It was all going well until I found Wax Moth

Beekeeping & Apiculture Forum

Help Support Beekeeping & Apiculture Forum:

MuswellMetro 

Queen Bee
Joined
Oct 1, 2009
Messages
6,523
Reaction score
28
Location
London N10
Hive Type
14x12
Nice day,22c ,sunny hive one, good brood, found the queen, eggs, no QCs , stores and pollen going in, supers on, Hive two just the same, caught the new queen in crown of thornes, marked her.

On to my free Carnie nuc, brood hatching, eggs, fat new queen,( yep i have lost a caste.they're carnies) marked her, then last frame...whats that,

turned out to be two Wax moth larvae making new wooly covering for their caccoons on the side of the last store frame

rechecked the comb, roof , under floor , nothing else only one trace of trails on the store frame, not in the brood...now i have never until now had wax moth as my hives have been isolated from others. so its come in on the "free" nuc

so what else other than squash the blighters do i need to do : how and when do i treat with the anti wax moth product cetarn, and should i?
 
Last edited:

Mike a 

Drone Bee
Joined
Feb 13, 2010
Messages
1,785
Reaction score
1
Location
Hampshire
Hive Type
langstroth
Number of Hives
Between 17-20
so what else other than squash the blighters do i need to do : how and when do i treat with the anti wax moth product cetarn, and should i?
Finger and thumb is the best option or if thats not your thing then -> :beatdeadhorse5:
 

Midland Beek 

Drone Bee
Joined
Oct 18, 2009
Messages
1,969
Reaction score
0
Location
South Staffs
Hive Type
none
Wax moth larvae in live colonies is pretty inconsequential. You just kill them if you see them.

Sorry the reply isn't as dramatic as your post.
 

oliver90owner 

Queen Bee
***
Joined
Jul 15, 2009
Messages
15,989
Reaction score
400
Location
Lincolnshire
Hive Type
14x12
Biggest problem I have ever had with wax moth is just that - moth in my wax! In the hive there have occasionaly been moth larvae, but not many in strong colonies! I suffered a little in my early days but the hives were in a spinney and that may have made a difference.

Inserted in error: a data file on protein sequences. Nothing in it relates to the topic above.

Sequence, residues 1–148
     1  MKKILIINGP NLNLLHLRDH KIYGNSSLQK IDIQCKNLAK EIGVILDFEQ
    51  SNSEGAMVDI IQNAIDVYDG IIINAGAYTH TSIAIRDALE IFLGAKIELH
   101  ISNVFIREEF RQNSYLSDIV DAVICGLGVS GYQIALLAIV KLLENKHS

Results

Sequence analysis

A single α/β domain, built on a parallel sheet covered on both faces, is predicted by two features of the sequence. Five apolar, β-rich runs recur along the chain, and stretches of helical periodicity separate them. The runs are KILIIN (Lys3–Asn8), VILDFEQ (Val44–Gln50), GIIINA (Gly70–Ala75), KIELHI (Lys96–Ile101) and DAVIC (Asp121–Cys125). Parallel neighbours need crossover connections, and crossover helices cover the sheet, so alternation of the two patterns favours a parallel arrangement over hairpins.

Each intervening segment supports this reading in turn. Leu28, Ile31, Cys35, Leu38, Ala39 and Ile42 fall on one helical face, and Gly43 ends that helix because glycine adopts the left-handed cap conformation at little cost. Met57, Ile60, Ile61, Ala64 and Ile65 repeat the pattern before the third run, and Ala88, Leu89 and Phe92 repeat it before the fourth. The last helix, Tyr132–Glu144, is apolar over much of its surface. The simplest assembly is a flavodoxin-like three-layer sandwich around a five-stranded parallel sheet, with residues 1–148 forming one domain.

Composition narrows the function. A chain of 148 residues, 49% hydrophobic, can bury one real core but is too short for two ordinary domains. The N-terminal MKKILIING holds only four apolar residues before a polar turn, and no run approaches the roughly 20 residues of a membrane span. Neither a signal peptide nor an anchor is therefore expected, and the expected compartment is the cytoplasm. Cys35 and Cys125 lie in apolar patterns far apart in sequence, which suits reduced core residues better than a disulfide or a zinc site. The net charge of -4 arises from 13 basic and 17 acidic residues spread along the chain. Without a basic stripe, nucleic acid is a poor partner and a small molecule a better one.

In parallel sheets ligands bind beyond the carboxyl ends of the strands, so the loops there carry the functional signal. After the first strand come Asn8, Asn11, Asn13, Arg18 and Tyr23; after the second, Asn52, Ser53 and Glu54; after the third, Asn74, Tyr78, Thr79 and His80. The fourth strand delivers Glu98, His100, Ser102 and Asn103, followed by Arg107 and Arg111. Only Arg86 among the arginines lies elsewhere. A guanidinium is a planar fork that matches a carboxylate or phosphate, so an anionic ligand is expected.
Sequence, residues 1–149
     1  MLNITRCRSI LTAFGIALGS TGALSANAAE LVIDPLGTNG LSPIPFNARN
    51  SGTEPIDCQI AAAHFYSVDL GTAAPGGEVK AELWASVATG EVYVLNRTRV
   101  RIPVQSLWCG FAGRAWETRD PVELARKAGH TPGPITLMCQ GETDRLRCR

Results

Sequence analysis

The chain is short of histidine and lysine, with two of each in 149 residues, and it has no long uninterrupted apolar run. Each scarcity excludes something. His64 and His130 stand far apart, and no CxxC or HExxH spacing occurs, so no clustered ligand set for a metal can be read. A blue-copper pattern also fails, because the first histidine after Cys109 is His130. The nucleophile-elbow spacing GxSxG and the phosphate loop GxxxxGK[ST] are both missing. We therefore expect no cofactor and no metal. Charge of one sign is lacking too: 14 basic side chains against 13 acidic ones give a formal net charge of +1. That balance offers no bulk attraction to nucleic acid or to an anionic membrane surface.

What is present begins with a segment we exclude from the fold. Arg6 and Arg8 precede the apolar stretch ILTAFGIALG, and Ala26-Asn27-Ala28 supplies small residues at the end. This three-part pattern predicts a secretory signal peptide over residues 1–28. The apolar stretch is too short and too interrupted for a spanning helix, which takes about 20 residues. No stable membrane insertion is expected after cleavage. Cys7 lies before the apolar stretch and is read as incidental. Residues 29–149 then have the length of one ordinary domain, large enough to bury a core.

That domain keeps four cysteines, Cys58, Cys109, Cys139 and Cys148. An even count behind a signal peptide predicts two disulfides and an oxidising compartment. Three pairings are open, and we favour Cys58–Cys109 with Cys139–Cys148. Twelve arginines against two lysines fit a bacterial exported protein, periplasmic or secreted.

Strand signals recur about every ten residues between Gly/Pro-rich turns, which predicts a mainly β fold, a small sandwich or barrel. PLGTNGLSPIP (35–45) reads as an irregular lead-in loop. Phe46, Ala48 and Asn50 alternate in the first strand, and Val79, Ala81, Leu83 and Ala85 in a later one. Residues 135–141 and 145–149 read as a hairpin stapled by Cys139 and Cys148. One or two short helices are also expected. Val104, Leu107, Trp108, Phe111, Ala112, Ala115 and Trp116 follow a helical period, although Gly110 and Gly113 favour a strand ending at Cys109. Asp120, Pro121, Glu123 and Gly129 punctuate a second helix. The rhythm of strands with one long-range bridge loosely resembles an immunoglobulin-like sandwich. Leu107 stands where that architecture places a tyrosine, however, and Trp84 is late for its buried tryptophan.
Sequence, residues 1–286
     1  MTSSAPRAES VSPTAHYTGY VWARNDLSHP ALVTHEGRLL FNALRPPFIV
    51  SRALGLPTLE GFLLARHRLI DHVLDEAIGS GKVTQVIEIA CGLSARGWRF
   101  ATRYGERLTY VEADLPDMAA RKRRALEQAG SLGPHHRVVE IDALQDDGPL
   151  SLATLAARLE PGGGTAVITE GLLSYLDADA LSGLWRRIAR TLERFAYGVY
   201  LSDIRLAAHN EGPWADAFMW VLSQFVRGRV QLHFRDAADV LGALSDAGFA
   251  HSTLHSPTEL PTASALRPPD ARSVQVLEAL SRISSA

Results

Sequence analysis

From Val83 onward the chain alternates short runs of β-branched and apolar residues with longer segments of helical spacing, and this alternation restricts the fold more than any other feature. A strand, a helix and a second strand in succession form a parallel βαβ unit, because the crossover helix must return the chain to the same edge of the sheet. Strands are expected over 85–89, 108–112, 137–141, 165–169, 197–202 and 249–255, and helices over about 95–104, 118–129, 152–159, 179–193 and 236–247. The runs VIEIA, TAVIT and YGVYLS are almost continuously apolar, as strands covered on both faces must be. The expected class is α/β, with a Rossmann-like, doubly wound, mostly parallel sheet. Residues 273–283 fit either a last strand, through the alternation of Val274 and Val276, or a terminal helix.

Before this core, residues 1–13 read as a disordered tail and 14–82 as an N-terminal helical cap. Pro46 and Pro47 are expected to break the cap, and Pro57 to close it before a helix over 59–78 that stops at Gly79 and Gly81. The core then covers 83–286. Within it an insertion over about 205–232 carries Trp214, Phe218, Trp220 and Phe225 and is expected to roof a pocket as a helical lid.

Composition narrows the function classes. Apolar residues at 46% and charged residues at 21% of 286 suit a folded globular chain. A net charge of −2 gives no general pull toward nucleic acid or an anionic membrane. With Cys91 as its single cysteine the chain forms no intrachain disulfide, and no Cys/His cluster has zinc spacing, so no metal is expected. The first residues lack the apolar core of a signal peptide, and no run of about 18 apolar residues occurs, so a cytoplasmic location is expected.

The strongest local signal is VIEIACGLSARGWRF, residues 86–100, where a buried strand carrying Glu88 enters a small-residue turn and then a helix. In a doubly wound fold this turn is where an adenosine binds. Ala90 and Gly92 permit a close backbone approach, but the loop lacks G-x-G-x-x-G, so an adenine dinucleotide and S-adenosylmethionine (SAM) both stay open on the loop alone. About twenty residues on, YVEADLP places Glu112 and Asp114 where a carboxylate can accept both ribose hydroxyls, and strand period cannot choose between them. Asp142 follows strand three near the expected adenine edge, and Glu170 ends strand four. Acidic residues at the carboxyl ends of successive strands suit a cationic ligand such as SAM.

But for the beginners: They will destroy your comb over winter if not treated. They can make a right mess in short time in stored frames winter or summer.

I have used certan but too d*mned expensive. It works, but so did the old moth ball stuff (which is now banned). I now regularly burn sulphur strips (more than they say to use) or regularly fumigate with ethanoic acid. Freezer treatment, followed by complete sealing has been effective in the past.

Frame comb represents quite a bit of honey (Money and time) so is very much worth looking after. I always try to have some good drawn comb available for use, but never seem to quite manage enough - a lot finishes up as recycled wax, which is not a bad thing. I don't even keep any old brood frames for bait hives now; it all gets recycled regularly. The bait hives seem to work OK with a frame of good wax and a few starter strips in frames (to encourage combs 'in rows' if they have to stay in any length of time) and some lure.

Regards, RAB
 

MuswellMetro 

Queen Bee
Joined
Oct 1, 2009
Messages
6,523
Reaction score
28
Location
London N10
Hive Type
14x12
thanks,

do you think eggs can be transfer on cloths etc or it in only eggs in cracks in supers etc and adult moths.

I lost frames last winter stored at the association apairy after processing but never had it in my hives before. Those supers have been washed in bleach and are still stored off my site and i used only fresh new thornes " winter sale seconds" supers so far this year

i'll just be vigilant with the heavy thumb
 

oliver90owner 

Queen Bee
***
Joined
Jul 15, 2009
Messages
15,989
Reaction score
400
Location
Lincolnshire
Hive Type
14x12
Moths fly? Very effective way to get the problem spread around. Only needs small amounts of wax left around to attract them.

Regards, RAB
 

milkermel 

Field Bee
Joined
Oct 29, 2009
Messages
748
Reaction score
8
Location
left of launceston right of bude!
Hive Type
national
Number of Hives
6
Blow torch is very theraputic when you have a big problem with them!!!

took on someones hive last year after empty hive had a swarm move in opened hive on first visit and found this!



These were the best of the frames most were so eaten through that they went straight onto the bonfire.

Cant remember if it was on 3/4 brood boxes all full of frames!!! had lots of fun torching the lesser and greater maggots!!! they wiggled a bit like this - :party:
 

grizzly 

Drone Bee
Joined
Nov 9, 2008
Messages
1,103
Reaction score
0
Location
Hampshire
Hive Type
langstroth
Number of Hives
6
I had a few early on, i put up a post with an image of wax moth larva poo on the removable floor.

I killed those i could see, squished some under the frame lugs and thought i was rid.

However last week saw a trail through some brood 4-5 cells, the bees were working on it so i think a good colony will remove them where they can.

Although you can see the cocoon and also the grubs, i have not seen eggs, the buggers just seem to appear.
 

Latest posts

Top